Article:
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Hydrogenosomes of metopus contortus physiologically resemble mitochondria

Biagini, Giancarlo A., Hayes, Anthony James, Suller, Mark T. E., Winters, Carole, Finlay, Bland J. and Archer, Charles William 1997. Hydrogenosomes of metopus contortus physiologically resemble mitochondria. Microbiology 143 (5) , pp. 1623-1629. 10.1099/00221287-143-5-1623

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Abstract

The anaerobic free-living ciliated protozoon Metopus contortus is a grazer in anoxic marine sediments. It does not possess mitochondria, but it does have specialized organelles termed hydrogenosomes which release hydrogen gas. The cationic lipophilic cyanine dye DiOC7(3) is an indicator of transmembrane electrochemical potential. With the aid of confocal laser scanning microscopy (CLSM), the association of this dye with hydrogenosomes in situ was followed. Flow cytometric measurements showed that fluorescence of the membrane potential dye decreased in response to an elevated pH2 in the cell. CLSM also revealed localization of fluorescence of the calcium probe Fluo 3-AM, and of the transmembrane pH gradient probe BCECF-AM, within the lumen of the hydrogenosomes. In addition, hydrogenosomal inclusions were detected. X-ray microanalysis of these electron-dense granules revealed high levels of calcium, phosphate and magnesium. It is concluded that M. contortus hydrogenosomes are calcium stores, have a membrane potential, and an alkaline lumen. These physiological features resemble those of mitochondria in aerobic protozoa.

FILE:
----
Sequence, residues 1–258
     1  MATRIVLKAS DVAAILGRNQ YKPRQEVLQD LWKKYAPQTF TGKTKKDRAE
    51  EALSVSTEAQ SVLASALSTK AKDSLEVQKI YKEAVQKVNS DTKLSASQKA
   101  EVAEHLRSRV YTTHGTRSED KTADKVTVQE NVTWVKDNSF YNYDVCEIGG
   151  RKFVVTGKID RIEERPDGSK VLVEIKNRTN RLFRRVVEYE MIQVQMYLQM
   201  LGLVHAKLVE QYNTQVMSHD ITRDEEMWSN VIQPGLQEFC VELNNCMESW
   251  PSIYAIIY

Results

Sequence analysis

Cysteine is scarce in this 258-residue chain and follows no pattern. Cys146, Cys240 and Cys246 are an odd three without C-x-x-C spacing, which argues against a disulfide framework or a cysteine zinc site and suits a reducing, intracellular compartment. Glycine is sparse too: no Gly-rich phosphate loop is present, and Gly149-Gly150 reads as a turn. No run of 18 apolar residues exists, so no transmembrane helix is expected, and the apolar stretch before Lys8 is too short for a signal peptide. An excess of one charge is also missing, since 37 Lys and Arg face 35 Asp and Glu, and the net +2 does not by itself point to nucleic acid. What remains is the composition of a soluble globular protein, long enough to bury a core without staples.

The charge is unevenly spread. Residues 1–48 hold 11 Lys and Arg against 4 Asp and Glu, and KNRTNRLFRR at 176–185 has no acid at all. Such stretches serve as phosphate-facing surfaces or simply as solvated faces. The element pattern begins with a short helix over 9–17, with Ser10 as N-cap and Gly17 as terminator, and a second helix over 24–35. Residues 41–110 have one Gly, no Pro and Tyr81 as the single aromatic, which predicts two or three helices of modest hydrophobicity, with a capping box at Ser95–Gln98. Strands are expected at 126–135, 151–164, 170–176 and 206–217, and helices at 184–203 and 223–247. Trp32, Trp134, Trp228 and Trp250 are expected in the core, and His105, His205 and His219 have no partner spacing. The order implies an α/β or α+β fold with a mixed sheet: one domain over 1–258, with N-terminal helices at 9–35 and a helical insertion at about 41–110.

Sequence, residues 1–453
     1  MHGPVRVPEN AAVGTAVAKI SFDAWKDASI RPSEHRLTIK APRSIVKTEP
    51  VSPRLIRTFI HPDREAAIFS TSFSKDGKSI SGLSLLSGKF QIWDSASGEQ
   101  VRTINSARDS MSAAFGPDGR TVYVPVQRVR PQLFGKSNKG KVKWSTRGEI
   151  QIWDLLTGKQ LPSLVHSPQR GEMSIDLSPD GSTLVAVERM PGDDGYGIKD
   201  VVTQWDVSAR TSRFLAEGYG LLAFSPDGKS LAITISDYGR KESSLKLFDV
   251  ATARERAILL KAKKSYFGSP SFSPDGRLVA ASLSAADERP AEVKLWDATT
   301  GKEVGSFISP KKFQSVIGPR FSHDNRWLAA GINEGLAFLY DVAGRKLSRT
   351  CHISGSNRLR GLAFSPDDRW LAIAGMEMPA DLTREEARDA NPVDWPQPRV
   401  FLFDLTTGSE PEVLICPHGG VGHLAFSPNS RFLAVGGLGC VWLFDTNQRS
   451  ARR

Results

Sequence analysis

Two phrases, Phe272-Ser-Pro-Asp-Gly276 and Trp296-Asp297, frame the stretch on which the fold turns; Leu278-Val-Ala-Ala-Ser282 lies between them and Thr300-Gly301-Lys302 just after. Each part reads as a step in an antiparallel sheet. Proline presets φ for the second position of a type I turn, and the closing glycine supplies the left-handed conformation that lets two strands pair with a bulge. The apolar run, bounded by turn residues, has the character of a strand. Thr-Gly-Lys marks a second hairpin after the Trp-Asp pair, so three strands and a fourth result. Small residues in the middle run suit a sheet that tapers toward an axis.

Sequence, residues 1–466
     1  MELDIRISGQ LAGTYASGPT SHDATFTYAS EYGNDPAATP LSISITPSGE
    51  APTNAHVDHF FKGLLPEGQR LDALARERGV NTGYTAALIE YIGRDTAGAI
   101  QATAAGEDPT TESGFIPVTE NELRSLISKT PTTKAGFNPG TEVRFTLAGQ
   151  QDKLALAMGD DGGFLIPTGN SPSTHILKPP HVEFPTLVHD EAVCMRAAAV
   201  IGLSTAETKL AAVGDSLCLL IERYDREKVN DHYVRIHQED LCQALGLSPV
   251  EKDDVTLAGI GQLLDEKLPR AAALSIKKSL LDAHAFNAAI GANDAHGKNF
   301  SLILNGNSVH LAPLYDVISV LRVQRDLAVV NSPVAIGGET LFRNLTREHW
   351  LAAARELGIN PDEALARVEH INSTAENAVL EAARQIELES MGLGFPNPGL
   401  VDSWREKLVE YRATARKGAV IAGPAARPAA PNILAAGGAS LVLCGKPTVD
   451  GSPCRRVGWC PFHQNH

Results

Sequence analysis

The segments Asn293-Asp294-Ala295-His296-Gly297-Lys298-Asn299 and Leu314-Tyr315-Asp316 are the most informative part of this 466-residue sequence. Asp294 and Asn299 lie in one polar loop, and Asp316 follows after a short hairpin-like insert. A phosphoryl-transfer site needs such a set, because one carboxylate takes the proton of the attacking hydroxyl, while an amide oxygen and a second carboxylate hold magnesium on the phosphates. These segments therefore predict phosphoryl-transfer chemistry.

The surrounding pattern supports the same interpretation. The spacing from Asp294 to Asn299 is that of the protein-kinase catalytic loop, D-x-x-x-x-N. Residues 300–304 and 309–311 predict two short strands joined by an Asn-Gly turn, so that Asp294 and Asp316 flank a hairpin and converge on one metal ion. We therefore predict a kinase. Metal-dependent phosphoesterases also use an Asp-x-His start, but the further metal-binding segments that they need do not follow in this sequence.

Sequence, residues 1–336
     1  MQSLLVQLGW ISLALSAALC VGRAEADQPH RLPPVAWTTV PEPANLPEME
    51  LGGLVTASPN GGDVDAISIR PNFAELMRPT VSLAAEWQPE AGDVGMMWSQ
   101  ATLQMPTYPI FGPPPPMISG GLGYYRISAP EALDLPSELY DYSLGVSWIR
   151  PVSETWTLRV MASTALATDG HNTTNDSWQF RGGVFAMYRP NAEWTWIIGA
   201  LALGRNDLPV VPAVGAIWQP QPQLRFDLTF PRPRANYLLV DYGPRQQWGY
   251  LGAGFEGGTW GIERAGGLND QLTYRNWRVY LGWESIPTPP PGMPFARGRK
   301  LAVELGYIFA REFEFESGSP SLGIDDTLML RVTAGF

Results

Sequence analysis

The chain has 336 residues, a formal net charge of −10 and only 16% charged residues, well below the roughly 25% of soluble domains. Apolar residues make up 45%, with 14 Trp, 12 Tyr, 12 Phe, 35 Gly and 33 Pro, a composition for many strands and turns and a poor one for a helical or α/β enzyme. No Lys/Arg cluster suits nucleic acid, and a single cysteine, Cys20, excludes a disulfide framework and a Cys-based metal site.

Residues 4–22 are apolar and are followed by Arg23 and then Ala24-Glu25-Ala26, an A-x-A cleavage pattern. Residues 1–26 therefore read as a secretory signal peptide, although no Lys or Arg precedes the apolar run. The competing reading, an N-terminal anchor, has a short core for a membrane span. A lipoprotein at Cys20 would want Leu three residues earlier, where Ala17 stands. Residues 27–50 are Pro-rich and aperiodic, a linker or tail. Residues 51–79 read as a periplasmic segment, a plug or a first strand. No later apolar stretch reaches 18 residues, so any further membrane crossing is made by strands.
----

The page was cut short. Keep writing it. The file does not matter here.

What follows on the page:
Item Type: Article
Date Type: Publication
Status: Published
Schools: Biosciences
Subjects: Q Science > QR Microbiology
Uncontrolled Keywords: Metopus contortus, hydrogenosomes, transmembrane electrochemical potential, transmembrane pH gradient, calcium phosphate inclusions.
Publisher: Society for General Microbiology
ISSN: 1350-0872
Last Modified: 04 Jun 2017 07:45
URI: http://orca.cf.ac.uk/id/eprint/67549

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